Mobile app using AI can help diagnose skin melanoma

The study is the first in the world to test an AI-based mobile app.


Even highly skilled medical professionals may find it challenging to distinguish melanoma from other skin abnormalities. But since melanoma is a dangerous kind of skin cancer, it’s critical to catch it early.

In Swedish healthcare, there has yet to be any recognized AI-based tool for evaluating skin lesions.

Primary care doctors see many skin lesions every day. Because they have limited resources, they must decide how to treat patients who may have skin melanoma. This frequently leads to a large number of specialist referrals or removals of skin lesions, most of which prove to be harmless. 

A study led by Linköping University in Sweden reports about a new mobile app that uses AI to analyze images of suspected skin lesions. It can diagnose melanoma with very high precision. 

Panos Papachristou, a researcher affiliated with Karolinska Institutet and specialist in general practice, the main author of the study, and co-founder of the company that developed the app, said, “We wanted to see if the AI support tool in the app could perform better than primary care physicians when it comes to identifying pigmented skin lesions as dangerous or not, in comparison with the final diagnosis.”

And the results are promising.

Primary care physicians in the research diagnosed suspicious skin tumors using a standard protocol. In cases where the doctors suspected melanoma, they would either remove the skin lesion for tissue analysis and diagnosis or refer the patient to a dermatologist.

The doctor used the AI-based tool only after determining how to treat the suspicious melanoma. Here, the doctor uses a smartphone that has a dermatoscope—a type of enlargement lens—to snap a photo of the skin lesion. Upon analyzing the image, the app makes recommendations regarding whether or not the lesion on the skin looks to be melanoma.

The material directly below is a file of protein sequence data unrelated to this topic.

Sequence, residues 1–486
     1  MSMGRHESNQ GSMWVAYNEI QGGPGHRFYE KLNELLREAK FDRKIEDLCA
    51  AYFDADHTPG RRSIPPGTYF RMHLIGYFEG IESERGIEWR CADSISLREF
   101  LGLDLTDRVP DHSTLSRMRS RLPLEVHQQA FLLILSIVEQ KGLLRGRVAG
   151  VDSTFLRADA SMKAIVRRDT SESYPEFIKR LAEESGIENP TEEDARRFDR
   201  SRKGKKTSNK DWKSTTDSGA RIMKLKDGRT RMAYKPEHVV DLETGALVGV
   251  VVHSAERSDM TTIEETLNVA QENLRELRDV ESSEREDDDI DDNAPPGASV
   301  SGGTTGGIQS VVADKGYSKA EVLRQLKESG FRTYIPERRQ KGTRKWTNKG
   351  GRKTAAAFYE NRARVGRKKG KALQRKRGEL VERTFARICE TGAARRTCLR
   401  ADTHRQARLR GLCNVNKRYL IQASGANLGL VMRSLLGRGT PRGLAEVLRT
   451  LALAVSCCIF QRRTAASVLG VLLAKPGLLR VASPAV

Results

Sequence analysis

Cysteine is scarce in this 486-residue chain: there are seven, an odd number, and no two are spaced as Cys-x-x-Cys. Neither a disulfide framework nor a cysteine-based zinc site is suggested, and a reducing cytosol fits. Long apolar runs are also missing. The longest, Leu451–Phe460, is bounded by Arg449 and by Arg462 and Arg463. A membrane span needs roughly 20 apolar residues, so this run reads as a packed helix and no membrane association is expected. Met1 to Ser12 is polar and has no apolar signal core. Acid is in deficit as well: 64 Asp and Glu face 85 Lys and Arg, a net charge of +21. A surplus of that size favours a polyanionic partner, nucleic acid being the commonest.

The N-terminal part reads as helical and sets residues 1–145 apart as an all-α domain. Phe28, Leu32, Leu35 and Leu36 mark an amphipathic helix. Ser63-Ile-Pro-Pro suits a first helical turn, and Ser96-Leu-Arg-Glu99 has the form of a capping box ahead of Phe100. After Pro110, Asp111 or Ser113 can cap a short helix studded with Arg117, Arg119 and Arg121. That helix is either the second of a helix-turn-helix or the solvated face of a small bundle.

The researchers compared the AI-based app’s answer to the diagnoses produced by the standard diagnostic technique to assess the app’s effectiveness as a decision-support tool.

Out of the more than 250 skin lesions that were investigated, doctors discovered 10 in situ melanoma precursors and 11 melanomas. The application detected every melanoma and only overlooked one precursor. There was a 99.5 percent chance that the app was right when it said that a suspected lesion—including in situ melanoma—was not a melanoma.

Magnus Falk, senior associate professor at the Department of Health, Medicine and Caring Sciences at Linköping University, said“This method could be useful. However, in this study, physicians weren’t allowed to let their decisions be influenced by the app’s response, so we don’t know what happens in practice if you use an AI-based decision support tool. So even if this is a very positive result, there is uncertainty, and we need to continue to evaluate the usefulness of this tool through scientific studies.”

Researchers are now planning to proceed with a large follow-up primary care study in several countries, in which the app’s use as an active decision-support tool will be compared to not using it at all.

Journal Reference:

  1. Panagiotis Papachristou, My Soderholm, Jon Pallon, Marina Taloyan, Sam Polesie, John Paoli, Chris D Anderson and Magnus Falk. Evaluation of an artificial intelligence-based decision support for the detection of cutaneous melanoma in primary care: a prospective real-life clinical trial. British Journal of Dermatology. DOI: 10.1093/bjd/ljae021
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